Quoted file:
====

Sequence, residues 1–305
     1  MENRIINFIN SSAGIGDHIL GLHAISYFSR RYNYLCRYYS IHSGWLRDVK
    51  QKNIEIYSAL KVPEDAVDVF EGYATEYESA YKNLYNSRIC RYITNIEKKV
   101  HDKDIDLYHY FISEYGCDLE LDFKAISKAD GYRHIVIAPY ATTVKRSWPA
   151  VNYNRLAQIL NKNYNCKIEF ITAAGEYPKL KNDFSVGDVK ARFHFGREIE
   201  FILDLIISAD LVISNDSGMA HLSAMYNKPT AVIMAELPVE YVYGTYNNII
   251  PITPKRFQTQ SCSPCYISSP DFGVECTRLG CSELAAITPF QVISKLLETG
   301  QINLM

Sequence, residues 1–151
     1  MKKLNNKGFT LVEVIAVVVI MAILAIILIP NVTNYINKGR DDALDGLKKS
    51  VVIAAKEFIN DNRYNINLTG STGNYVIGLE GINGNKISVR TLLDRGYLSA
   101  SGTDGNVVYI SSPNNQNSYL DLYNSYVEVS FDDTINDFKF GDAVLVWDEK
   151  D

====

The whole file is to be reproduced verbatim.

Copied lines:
Sequence, residues 1–305
     1  MENRIINFIN SSAGIGDHIL GLHAISYFSR RYNYLCRYYS IHSGWLRDVK
    51  QKNIEIYSAL KVPEDAVDVF EGYATEYESA YKNLYNSRIC RYITNIEKKV
   101  HDKDIDLYHY FISEYGCDLE LDFKAISKAD GYRHIVIAPY ATTVKRSWPA
   151  VNYNRLAQIL NKNYNCKIEF ITAAGEYPKL KNDFSVGDVK ARFHFGREIE
   201  FILDLIISAD LVISNDSGMA HLSAMYNKPT AVIMAELPVE YVYGTYNNII
   251  PITPKRFQTQ SCSPCYISSP DFGVECTRLG CSELAAITPF QVISKLLETG
   301  QINLM

Sequence, residues 1–151
     1  MKKLNNKGFT LVEVIAVVVI MAILAIILIP NVTNYINKGR DDALDGLKKS
    51  VVIAAKEFIN DNRYNINLTG STGNYVIGLE GINGNKISVR TLLDRGYLSA
   101  SGTDGNVVYI SSPNNQNSYL DLYNSYVEVS FDDTINDFKF GDAVLVWDEK
   151  D